Past Adviser to Cardinal O'Connor Resigns After Admitting to Affairs
By Daniel J. Wakin
The New York Times
June 12, 2002
A bishop who was a confidant of Cardinal John O'Connor has resigned as a pastor and auxiliary bishop after admitting having had sexual affairs with women over the course of several years, the Archdiocese of New York said yesterday.
The bishop, James F. McCarthy, 59, told church officials about the affairs after he was confronted with a letter that the archdiocese received on Saturday, said Joseph Zwilling, the archdiocese spokesman. The bishop stepped down as pastor of St. Elizabeth Ann Seton Parish in Shrub Oak, N.Y., and as auxiliary bishop in charge of northern Westchester, Putnam and Rockland Counties.
None of the women were minors, and there is no accusation that the bishop did anything illegal. But it is likely that the scandal over the sexual abuse of children by priests played some role in the bishop's departure. It would have been difficult to ignore such a letter given the scrutiny focused on the archdiocese, or to have accepted anything less than his resignation.
''We felt we had to move quickly because of the role he has as a bishop and because the bishops' conference is coming up starting tomorrow and because he did admit to doing this,'' said one archdiocese official who spoke on condition of anonymity.
American bishops are gathering in Dallas to discuss new guidelines about how to deal with child-abusing priests and the outrage generated by the reassignment of some by bishops who were aware of the abuse but did not take action against the priests.
Bishop McCarthy's swift departure raised eyebrows among victims' advocates, who noted that some priests who sexually abused children were never forced to resign.
''It is ironic,'' said Barbara Blaine, president and founder of the Survivors Network of Those Abused by Priests. ''Obviously, that's the kind of response we want when we find out about allegations of priests who have abused children as well.'' The proposed guidelines in Dallas call for immediate suspension of offenders who have committed more than one act of past abuse.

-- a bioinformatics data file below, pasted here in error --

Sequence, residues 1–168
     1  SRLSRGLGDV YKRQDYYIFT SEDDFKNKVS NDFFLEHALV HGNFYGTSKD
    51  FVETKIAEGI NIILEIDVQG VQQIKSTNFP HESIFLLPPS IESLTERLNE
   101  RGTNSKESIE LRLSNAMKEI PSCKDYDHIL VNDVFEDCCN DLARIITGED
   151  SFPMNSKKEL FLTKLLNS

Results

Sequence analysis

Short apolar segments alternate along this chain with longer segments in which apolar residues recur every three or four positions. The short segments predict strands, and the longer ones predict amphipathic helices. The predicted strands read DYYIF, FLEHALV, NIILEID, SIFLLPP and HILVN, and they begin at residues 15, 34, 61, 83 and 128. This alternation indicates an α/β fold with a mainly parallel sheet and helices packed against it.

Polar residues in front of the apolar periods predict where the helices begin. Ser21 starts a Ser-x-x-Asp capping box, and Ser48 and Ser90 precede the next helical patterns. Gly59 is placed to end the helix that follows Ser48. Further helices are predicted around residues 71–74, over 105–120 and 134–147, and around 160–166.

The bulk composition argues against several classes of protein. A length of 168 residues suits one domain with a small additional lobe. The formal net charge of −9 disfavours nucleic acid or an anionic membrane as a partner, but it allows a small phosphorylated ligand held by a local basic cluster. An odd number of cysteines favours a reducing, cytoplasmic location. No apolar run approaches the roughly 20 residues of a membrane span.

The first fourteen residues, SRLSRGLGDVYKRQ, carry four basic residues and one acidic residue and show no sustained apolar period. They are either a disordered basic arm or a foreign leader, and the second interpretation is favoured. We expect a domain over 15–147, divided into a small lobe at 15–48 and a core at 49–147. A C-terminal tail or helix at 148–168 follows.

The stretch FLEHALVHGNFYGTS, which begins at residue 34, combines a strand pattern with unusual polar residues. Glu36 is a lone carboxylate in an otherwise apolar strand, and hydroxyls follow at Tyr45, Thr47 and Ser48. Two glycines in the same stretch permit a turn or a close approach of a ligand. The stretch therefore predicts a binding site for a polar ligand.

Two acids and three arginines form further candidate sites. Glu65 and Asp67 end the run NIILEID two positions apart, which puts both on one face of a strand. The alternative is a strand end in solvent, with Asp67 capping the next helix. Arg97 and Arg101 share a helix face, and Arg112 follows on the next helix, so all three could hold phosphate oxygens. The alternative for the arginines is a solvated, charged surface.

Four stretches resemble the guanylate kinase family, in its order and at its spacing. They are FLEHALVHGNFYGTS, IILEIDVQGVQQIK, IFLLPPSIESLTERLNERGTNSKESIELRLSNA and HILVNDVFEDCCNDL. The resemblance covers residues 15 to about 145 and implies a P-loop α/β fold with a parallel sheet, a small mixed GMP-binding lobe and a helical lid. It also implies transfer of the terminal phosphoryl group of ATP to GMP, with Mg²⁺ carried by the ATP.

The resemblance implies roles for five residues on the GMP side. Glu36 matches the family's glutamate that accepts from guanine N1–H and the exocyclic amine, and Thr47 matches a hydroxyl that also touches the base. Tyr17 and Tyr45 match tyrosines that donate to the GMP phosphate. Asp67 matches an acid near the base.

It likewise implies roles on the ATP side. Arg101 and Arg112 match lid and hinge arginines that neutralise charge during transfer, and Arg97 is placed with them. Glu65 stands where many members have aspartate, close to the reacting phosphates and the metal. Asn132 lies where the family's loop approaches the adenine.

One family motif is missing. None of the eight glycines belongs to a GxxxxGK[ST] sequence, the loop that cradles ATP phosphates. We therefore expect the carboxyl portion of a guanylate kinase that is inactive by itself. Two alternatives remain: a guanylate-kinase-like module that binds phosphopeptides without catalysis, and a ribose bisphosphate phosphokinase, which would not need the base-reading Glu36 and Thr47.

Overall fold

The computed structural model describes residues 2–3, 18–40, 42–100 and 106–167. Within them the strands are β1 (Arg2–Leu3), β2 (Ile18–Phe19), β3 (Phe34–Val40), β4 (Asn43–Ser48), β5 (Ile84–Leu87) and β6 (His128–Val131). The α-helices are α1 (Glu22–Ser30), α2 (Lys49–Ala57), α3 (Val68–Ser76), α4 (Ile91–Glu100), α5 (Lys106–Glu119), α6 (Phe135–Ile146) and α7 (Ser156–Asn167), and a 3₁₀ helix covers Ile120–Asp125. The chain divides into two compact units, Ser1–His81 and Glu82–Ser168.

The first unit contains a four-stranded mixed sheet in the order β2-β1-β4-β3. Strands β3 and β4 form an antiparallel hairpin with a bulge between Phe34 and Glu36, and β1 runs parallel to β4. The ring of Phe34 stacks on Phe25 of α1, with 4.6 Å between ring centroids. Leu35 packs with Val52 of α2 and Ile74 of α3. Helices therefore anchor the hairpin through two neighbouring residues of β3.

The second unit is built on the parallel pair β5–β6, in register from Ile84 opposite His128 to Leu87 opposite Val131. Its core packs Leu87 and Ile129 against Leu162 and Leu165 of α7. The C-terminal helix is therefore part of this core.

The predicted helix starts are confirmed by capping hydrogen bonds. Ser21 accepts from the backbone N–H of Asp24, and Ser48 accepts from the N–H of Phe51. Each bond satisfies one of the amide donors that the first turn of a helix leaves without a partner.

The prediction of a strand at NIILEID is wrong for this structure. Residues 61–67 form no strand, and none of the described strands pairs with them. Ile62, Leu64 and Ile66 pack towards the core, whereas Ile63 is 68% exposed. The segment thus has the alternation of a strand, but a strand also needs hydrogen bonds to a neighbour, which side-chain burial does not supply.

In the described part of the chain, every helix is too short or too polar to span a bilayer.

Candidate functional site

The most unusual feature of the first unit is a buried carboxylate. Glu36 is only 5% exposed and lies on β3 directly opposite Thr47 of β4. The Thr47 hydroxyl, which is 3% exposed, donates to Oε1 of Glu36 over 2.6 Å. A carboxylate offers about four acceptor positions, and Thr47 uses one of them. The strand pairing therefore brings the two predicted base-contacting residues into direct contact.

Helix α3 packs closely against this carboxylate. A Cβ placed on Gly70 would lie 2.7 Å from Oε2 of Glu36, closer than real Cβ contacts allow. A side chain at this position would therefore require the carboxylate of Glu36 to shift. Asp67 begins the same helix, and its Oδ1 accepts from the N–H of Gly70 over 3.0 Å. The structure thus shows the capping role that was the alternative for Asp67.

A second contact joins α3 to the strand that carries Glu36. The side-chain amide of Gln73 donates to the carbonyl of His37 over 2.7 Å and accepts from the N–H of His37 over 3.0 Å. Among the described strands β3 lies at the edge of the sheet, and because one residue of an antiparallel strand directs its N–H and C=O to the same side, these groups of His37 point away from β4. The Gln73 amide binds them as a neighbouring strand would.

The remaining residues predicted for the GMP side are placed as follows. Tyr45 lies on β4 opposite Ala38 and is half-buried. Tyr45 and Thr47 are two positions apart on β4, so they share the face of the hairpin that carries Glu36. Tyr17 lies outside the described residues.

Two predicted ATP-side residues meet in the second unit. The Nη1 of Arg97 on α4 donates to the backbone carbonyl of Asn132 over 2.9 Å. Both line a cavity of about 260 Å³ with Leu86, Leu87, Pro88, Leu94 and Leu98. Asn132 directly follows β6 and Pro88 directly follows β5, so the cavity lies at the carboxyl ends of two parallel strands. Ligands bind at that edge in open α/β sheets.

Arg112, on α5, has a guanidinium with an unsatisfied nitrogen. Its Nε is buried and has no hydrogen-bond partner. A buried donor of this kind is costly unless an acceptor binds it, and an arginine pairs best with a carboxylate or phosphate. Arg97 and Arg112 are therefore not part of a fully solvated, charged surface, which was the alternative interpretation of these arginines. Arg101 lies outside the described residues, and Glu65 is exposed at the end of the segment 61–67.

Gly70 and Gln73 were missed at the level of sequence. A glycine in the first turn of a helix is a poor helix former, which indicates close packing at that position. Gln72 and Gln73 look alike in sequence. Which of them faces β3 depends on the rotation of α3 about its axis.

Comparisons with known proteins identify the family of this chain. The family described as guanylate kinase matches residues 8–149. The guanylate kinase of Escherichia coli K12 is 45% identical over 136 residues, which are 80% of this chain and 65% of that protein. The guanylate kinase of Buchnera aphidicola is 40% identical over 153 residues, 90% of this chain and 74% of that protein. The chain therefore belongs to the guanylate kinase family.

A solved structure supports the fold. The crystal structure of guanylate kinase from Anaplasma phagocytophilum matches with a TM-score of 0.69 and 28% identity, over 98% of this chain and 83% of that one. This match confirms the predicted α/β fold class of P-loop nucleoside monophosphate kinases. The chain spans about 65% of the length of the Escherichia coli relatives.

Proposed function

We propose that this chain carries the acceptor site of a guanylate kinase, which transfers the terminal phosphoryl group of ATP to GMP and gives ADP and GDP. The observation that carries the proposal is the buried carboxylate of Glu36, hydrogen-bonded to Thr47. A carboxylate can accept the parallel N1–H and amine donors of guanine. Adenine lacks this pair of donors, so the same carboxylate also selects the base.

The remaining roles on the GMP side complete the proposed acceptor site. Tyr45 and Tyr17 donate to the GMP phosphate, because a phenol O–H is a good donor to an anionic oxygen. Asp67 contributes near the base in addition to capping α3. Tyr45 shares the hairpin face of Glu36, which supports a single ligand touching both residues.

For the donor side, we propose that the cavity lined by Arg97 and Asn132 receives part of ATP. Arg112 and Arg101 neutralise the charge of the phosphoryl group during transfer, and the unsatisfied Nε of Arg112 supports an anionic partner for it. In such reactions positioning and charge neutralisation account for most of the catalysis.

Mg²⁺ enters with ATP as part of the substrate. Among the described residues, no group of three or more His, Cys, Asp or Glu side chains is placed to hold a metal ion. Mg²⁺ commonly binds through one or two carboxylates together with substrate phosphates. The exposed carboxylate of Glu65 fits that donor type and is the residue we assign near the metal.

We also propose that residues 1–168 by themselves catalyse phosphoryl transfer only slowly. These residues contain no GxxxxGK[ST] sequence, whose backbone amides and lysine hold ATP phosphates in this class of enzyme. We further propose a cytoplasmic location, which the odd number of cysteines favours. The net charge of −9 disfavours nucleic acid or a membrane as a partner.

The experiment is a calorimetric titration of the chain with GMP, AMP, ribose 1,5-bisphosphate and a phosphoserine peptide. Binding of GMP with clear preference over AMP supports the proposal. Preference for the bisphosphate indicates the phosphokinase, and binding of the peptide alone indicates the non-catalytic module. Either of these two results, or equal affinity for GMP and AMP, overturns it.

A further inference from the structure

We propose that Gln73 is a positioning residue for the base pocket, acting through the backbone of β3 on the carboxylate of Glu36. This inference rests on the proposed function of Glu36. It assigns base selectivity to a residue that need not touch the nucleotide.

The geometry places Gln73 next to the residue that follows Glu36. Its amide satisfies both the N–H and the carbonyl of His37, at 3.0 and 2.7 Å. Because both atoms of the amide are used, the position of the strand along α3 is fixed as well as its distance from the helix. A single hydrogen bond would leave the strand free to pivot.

Cardinal Edward M. Egan has ordered Bishop McCarthy not to act as a priest. But whether there will be an effort to remove him formally from the priesthood has not been decided, Mr. Zwilling said. The pope would need to approve his resignation as bishop.
In a statement, the bishop acknowledged a sexual relationship with a woman that began when she was 21, which church authorities said took place roughly 20 years ago. Bishop McCarthy also acknowledged ''improper sexual contact with other women.''
He said he struggled to live a celibate life. ''To my humiliation and shame, I was not always successful,'' he said. ''I have grievously sinned and long ago asked for the Lord's forgiveness.'' He also apologized to fellow priests, parishioners, family and friends, and to the women. He added that he would do penance with a period of contemplation in retreat.
Mr. Zwilling declined to release the contents of the accusatory letter or say who sent it.
A bishop who knows Bishop McCarthy well said it was from the woman mentioned in the statement. At the time, Bishop McCarthy was a priest in his 30's at St. Benedict's in the Bronx. The bishop described Bishop McCarthy as crushed.
In a statement, Cardinal Egan expressed concern for all involved, ''in particular any women and their families who may have been hurt and Bishop McCarthy as well.''
He said people should pray ''that we will see a return to holiness and sanctity on the part of all clergy.''
Some parishioners at St. Elizabeth expressed strong support for their fallen pastor. ''It's not fair,'' said Sarah Koshofer, 54. ''We don't want him to leave. I just don't understand -- he's done so much good.''
One church expert said the resignation should prod American Catholics to examine celibacy and the heterosexual practices of priests.
''It confronts the broader and richer picture of the human nature of the priesthood, the assertion of a need for not so much sexual expression, but deep personal relationships,'' said Eugene Kennedy, a former priest and an emeritus professor of psychology at Loyola University of America. Mr. Kennedy said he has known and admired Bishop McCarthy for many years. ''I'm not surprised to find out that he is capable of being loved by a woman and loving a woman,'' he said. ''It's not a crime, and I'm not sure it's a sin.''
Bishop McCarthy was well liked and known for his ease at dealing with people. He was born and raised in White Plains, attended Archbishop Stepinac High School and was ordained in 1968. He became Cardinal O'Connor's secretary in 1984. He was ordained a bishop in 1999.
Bishop McCarthy became a trusted adviser and gatekeeper, and accompanied the cardinal on his frequent trips to Rome. After Bishop McCarthy left the job, Cardinal O'Connor recounted how he once went to see the pope without him.
''And the Holy Father looked around and said, 'Where's Jim?' '' the cardinal said.